Marriage and Divorce
We document the increase in marital turnover and survey economic models of the marriage market. Couples match based on attributes but sorting is constrained by costs of search. Divorce is caused by new information on match quality, and remarriage requires further search. Although most men and women marry, they are single more often than before and more children live in one-parent household. The impact on children depends on child-support transfers. Such transfers may rise with the aggregate divorce (remarriage) rates.
KeywordsAltruism Assortative matching Child care Collective models Commitment Comparative advantage Complementarity Division of labour Household production Increasing returns Leisure Marriage and divorce Marriage market Matching model Multiple equilibria Poisson process Reservation utility Search models Sharing rules Stable sharing rule Time use Transferable utility Unitary models of the household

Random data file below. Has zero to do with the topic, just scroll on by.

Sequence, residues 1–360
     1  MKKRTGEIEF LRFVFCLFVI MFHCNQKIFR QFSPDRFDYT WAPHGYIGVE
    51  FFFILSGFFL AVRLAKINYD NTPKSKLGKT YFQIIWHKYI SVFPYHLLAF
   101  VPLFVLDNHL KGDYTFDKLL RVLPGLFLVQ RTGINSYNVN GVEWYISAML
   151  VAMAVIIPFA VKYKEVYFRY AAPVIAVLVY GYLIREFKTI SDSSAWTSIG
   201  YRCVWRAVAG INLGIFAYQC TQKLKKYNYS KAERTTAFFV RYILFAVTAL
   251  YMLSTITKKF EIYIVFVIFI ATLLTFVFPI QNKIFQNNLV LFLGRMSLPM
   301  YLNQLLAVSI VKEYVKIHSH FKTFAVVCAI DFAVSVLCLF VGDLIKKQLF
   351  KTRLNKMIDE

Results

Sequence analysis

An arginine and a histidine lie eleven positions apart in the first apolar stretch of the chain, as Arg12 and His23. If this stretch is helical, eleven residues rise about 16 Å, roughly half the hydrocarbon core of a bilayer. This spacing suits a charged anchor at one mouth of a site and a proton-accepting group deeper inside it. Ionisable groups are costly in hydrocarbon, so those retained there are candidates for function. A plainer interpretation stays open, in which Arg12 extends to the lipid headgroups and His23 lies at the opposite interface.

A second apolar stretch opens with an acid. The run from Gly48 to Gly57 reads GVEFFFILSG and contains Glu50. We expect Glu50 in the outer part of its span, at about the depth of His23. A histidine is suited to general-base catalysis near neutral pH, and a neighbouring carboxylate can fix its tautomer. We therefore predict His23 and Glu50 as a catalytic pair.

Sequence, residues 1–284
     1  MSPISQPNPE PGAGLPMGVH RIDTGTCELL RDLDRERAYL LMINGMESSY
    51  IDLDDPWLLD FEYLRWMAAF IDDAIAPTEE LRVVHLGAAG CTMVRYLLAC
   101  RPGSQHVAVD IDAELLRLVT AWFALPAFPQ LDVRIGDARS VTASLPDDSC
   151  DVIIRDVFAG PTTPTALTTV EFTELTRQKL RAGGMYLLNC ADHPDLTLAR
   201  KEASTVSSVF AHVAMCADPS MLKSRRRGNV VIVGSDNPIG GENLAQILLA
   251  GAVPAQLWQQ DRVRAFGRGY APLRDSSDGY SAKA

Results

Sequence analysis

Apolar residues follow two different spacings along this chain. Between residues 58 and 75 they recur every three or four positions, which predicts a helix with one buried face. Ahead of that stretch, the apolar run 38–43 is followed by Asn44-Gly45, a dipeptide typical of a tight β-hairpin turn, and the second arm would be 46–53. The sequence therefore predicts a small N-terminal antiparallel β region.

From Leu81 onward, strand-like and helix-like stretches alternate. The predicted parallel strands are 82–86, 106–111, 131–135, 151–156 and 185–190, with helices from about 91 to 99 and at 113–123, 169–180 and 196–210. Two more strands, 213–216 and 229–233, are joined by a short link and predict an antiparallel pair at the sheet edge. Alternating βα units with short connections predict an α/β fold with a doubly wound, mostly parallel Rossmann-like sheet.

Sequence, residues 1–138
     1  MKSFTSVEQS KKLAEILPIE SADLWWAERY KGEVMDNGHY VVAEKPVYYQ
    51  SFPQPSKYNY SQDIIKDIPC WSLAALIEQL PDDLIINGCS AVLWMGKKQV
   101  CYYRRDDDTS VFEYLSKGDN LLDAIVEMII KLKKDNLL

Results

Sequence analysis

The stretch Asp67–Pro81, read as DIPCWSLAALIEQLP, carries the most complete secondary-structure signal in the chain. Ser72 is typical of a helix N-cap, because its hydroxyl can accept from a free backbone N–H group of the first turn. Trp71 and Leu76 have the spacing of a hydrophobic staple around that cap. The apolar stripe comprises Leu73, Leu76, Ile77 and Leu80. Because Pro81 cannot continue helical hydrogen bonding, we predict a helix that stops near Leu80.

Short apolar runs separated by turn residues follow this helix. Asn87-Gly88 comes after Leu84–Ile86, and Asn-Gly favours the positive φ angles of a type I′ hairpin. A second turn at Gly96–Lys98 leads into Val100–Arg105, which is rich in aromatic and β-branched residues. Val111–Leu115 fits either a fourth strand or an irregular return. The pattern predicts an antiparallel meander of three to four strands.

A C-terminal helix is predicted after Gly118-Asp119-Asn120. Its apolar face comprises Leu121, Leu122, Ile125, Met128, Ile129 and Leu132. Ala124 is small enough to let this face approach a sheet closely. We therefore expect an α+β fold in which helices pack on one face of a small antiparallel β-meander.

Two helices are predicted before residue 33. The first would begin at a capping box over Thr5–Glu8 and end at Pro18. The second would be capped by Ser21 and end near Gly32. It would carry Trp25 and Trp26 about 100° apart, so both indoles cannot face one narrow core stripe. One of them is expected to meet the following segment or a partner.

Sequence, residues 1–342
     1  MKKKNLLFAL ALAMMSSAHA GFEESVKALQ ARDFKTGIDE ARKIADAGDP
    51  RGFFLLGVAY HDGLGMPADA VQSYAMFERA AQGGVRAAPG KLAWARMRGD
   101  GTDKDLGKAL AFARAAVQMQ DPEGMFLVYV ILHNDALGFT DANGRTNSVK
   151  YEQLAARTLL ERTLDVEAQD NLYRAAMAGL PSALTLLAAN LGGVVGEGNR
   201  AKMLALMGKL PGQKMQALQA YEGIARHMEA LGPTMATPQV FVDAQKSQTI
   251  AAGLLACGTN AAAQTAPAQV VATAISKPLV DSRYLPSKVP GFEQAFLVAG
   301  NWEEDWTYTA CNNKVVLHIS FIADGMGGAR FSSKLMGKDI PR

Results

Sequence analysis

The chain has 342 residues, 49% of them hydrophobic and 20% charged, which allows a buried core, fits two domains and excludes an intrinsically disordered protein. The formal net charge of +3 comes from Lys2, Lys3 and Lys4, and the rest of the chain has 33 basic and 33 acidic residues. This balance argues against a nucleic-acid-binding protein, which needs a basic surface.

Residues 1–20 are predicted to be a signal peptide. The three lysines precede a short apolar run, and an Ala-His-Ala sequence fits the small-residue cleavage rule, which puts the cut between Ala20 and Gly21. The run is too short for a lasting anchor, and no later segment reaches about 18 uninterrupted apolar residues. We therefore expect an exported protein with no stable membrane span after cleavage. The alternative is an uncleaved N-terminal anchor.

- Becker, G. 1991. Treatise on the family. Cambridge, MA: Harvard University Press.Google Scholar
- Browning, M., P. Chiappori, and Y. Weiss. 2005. Family economics. Cambridge: Cambridge University Press.Google Scholar
- Michael, R. 1988. Why did the divorce rate double within a decade? Research in Population Economics 6: 367–399.Google Scholar
- Piketty, T. 2003. The impact of divorce on school performance: evidence from France, 1968–2002. Discussion Paper No. 4146. London: CEPR.Google Scholar